Ron Spieker thought it was a joke at first.
It was a bit after Gonzaga University beat UCLA last Saturday to advance to the NCAA Tournament final. Ron watched the game with his wife, Janice, and his son, Patrick, and he recalls the “goofy smiles on their faces” when Patrick told him he had two tickets to the championship Monday night in Indianapolis.
A bit of a known prankster himself, the 72-year-old figured the tables had turned.
“I could then tell from my wife’s face that this was not a prank,” Ron said. “This was the real thing.”
About a day later, Ron and Patrick were on a red-eye flight with an Atlanta layover to see Ron’s alma mater take on the Baylor Bears.
A fan of the Zags since he was a student in Gonzaga’s Class of 1973, Spieker taught middle and high school for 40 years until his retirement. He was also a member of the Jesuits for 14 years until he decided to take back his vows.
While he was a Gonzaga fan before the team became a perennial powerhouse, Spieker said he particularly respects coach Mark Few’s approach.
“I really appreciate his philosophy. His demeanor on the sideline and his ability to get his players, who didn’t know each other about eight or nine months ago, together and do what he did this year is incredible,” he said. “And also, just with the mix of international folks and different races, it’s kind of a model of what could be and should be in America and around the world, I think, just in terms of how people treat each other and work together.”
So when presented with the tickets to Monday’s game, Spieker couldn’t say no, saying it was a “golden opportunity” to spend more time with his son.
“Even though the Zags lost, it was a great experience because my son is a great person,” said Spieker, who lives on Fox Island, in Puget Sound. “It’s just a great bonding experience that I really appreciate getting a chance to do.”
His son said, “For me, this was just a last-minute thing I could do to connect someone I really love and care about to the thing that he loves to follow.”
Patrick Spieker, a Seattle resident who also is a Zags fan (though not as much as his dad, he noted), said he and his father have attended Gonzaga games together when the team has traveled west against schools such as the University of Portland.
Getting him and his father to Indianapolis was a different animal, however.
The 24-year-old said he waited until after the UCLA game to buy tickets to the championship. He booked the flight in advance, however, though Patrick Spieker said he had to reorder for the red-eye since the initial booking would have interfered with the family’s Easter holiday that Sunday.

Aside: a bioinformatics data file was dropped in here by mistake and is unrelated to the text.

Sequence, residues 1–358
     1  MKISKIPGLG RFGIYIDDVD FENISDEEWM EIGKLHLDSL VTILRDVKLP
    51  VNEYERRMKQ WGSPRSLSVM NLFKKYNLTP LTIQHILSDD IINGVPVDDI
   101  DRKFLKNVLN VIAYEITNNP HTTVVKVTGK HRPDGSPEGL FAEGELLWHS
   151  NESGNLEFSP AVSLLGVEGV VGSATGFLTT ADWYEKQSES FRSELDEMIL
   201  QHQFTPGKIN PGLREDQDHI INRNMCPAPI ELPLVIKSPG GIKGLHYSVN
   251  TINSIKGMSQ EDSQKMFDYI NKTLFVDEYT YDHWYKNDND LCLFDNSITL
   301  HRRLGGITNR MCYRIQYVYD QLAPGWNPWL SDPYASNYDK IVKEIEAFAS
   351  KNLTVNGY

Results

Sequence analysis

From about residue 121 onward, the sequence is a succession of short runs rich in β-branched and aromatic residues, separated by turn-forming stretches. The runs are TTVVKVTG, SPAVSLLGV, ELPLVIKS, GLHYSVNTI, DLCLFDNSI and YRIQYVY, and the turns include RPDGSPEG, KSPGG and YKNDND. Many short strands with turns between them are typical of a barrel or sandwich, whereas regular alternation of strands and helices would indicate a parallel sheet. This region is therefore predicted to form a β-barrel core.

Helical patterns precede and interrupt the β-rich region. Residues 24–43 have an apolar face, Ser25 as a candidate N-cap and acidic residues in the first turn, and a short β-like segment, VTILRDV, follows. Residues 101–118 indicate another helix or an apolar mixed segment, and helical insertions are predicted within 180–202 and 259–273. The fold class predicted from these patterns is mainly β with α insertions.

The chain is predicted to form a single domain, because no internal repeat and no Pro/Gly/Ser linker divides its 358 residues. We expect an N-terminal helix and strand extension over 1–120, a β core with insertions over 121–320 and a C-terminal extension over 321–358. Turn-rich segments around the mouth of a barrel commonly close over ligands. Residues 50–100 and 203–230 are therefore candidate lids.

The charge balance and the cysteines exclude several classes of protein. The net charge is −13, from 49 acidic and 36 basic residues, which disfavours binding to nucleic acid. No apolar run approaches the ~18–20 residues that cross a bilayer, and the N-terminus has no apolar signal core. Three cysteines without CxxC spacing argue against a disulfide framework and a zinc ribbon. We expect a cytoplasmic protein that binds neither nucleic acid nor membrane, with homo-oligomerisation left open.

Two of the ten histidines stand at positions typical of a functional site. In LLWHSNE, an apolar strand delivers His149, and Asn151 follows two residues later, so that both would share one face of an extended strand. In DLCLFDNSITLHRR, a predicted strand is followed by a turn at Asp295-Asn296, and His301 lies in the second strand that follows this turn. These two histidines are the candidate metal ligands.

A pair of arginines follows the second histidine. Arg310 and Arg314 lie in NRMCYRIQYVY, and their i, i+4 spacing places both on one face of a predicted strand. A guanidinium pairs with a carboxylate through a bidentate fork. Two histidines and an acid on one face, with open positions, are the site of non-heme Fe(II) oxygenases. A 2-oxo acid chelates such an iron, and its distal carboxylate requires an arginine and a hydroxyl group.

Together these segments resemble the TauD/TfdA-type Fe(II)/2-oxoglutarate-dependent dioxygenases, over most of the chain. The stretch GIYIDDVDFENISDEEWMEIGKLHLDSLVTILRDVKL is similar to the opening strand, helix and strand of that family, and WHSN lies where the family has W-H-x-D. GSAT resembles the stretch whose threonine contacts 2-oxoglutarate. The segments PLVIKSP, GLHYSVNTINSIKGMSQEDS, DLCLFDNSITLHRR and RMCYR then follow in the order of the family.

They nearly missed the connecting flight in Atlanta, Ron said, prompting Patrick to sprint ahead to the gate to try to hold the plane.
“I don’t sprint as well as I used to,” Spieker said, mentioning how he’s gone through knee replacement surgery and an Achilles tear within the last couple of years. “Patrick grabbed a wheelchair and wheeled me the last couple hundred yards down the corridor to the gate. We made it by about three minutes.”
The two eventually arrived around 9:30 a.m. EDT in Indianapolis.
Spieker said he was happy to see Gonzaga traveled well. There were pregame festivities “out and about,” he said, with fans clad in their Bulldogs gear getting into it with the Baylor faithful.
The scene inside Lucas Oil Stadium was “really weird” with the COVID-19 restrictions on attendance, said Spieker, who is vaccinated against the virus, as is his son.
“Inside the stadium, it’s so big. And with COVID on seating, the effect on the Kennel, which is mighty, was really mitigated,” he said. “The same was true for Baylor. … Baylor clearly outplayed the Zags; Mark Few talked about the reasons why and what happened, but I think home-court advantage is incredible when in the Kennel.”
“It was awesome,” Patrick Spieker added. “I’ve never been to a Final Four or an NCAA Tournament game. Even with the reduced capacity, the energy in the building was incredible.”
After the game, Patrick Spieker said fans were cordial about Baylor’s win, as was evident when the Spiekers were on their way home – where Ron said he passed along a message to some Baylor followers.
“I’ve been telling Baylor folks that are on airplanes and nearby,” he said, “that we’ll see them in New Orleans next April.”
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